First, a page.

Living with a long term condition brings different challenges each day. However, I appreciate the good days more, and I am learning to cope better with the bad days.
Three years on from that day when I was diagnosed with Parkinson’s, I am still learning new lessons all the time, but I am in a much better place. I don’t get as stressed about things as I used to. I can now talk about the fact I have Parkinson’s and how it affects me without getting tearful. I am more grateful than ever for all the good things in my life.
Despite being a fairly reserved and private person, I now help to run a Facebook support group for people with Parkinson’s (Start Living Today PD). I’ve also started writing my own blog about my experiences of living with Parkinson’s. I’m keen to raise awareness about Parkinson’s. It doesn’t just affect older people – 1 in 20 people diagnosed with Parkinson’s is diagnosed under 40.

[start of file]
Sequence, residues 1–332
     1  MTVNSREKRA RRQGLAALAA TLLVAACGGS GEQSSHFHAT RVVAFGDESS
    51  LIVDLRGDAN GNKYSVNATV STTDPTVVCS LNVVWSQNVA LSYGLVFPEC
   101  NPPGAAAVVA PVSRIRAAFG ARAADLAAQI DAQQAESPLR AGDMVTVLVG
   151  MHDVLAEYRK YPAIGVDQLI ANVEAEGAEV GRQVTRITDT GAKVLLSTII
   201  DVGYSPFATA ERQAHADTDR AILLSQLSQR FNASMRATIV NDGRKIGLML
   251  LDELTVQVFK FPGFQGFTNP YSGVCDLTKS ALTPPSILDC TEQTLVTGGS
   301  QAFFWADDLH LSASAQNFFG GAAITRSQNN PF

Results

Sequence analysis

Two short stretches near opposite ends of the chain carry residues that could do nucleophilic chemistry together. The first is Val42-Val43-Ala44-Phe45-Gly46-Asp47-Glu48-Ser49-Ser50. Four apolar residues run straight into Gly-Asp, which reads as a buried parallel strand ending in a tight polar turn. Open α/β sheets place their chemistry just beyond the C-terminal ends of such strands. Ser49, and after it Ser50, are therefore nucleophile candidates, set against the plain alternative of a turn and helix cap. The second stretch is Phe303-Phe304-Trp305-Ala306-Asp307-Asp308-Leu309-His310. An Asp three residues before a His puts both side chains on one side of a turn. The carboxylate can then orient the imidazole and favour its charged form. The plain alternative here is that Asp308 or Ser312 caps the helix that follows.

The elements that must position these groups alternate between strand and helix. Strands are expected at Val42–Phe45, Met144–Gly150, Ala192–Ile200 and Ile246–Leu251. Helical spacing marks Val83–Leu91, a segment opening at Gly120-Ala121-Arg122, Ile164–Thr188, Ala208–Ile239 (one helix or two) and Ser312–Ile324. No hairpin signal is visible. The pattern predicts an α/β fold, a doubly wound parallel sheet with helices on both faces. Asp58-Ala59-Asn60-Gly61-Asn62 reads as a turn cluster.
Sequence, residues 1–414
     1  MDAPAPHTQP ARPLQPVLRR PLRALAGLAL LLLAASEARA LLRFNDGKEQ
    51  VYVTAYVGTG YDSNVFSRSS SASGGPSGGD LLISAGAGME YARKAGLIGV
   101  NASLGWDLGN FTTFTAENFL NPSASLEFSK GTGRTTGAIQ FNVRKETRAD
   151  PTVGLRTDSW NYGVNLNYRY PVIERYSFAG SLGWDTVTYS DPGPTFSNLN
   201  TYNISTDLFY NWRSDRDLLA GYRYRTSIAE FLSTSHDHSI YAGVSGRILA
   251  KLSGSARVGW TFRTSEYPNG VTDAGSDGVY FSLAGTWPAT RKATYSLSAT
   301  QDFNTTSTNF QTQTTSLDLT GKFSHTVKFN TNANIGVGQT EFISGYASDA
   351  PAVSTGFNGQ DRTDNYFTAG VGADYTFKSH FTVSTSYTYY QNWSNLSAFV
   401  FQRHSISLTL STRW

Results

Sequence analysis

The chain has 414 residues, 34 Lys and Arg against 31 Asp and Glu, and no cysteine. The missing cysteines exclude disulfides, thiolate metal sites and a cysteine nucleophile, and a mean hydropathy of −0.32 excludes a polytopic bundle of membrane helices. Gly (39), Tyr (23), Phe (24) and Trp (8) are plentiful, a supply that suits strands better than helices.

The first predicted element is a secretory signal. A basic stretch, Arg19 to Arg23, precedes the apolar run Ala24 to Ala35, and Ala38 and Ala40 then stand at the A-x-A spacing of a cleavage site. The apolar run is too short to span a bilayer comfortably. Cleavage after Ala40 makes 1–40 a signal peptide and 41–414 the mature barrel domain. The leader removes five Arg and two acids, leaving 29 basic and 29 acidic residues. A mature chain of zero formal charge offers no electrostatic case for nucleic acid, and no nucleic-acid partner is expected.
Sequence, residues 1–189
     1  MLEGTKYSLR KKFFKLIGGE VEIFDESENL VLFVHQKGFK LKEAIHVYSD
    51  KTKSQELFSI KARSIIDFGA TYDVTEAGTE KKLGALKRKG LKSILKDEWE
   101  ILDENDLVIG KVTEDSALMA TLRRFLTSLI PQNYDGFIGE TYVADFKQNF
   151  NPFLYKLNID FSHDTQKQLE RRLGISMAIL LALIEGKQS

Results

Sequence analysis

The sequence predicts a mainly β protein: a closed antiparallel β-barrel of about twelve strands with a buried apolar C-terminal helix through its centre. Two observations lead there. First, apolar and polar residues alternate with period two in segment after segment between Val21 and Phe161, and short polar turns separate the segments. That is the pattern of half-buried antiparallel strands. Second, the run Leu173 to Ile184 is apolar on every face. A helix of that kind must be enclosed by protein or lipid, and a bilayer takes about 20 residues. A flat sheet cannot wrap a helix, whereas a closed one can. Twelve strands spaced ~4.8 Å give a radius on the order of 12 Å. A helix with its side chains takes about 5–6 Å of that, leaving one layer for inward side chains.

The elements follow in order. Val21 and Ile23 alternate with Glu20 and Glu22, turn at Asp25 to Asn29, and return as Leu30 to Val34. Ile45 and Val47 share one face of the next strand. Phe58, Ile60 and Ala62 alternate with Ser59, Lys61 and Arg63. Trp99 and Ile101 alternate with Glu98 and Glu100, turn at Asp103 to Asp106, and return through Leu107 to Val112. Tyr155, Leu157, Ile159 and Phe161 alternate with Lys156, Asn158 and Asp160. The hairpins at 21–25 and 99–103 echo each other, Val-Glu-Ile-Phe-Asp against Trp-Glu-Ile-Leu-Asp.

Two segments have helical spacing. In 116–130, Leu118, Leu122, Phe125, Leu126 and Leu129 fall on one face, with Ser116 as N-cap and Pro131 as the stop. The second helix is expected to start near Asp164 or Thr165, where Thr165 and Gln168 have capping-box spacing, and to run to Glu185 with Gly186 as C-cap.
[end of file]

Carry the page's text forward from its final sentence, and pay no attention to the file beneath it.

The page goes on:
I’ve learned so much from my Parkinson’s journey so far – and I continue to learn all the time. I hope that by sharing my experiences, I may – in some small way -be able to help other people.
Eamonn, a focus group attendee who lives with motor neurone disease, wanted to share his story but was on holiday when the event happened! In this blog, you can view a short video by Eamonn describing his experiences.
A big thank you to Eamonn for creating this film for us to share, and for helping us make a difference to people being diagnosed with neurological conditions in the future in Essex.
Please note – all of the opinions expressed in this film are Eamonn’s personal views.
We recently ran the 555 Neurology Project with Healthwatch Essex and the Essex Neurology Network. The people who attended our focus groups described their diagnosis conversation to us, with a range of themes emerging.
Some had been guided through the diagnosis conversation expertly by neurology professionals, and some felt steps had been missed out and the journey could be improved.
I wanted to share this quick snapshot of the 5 themes: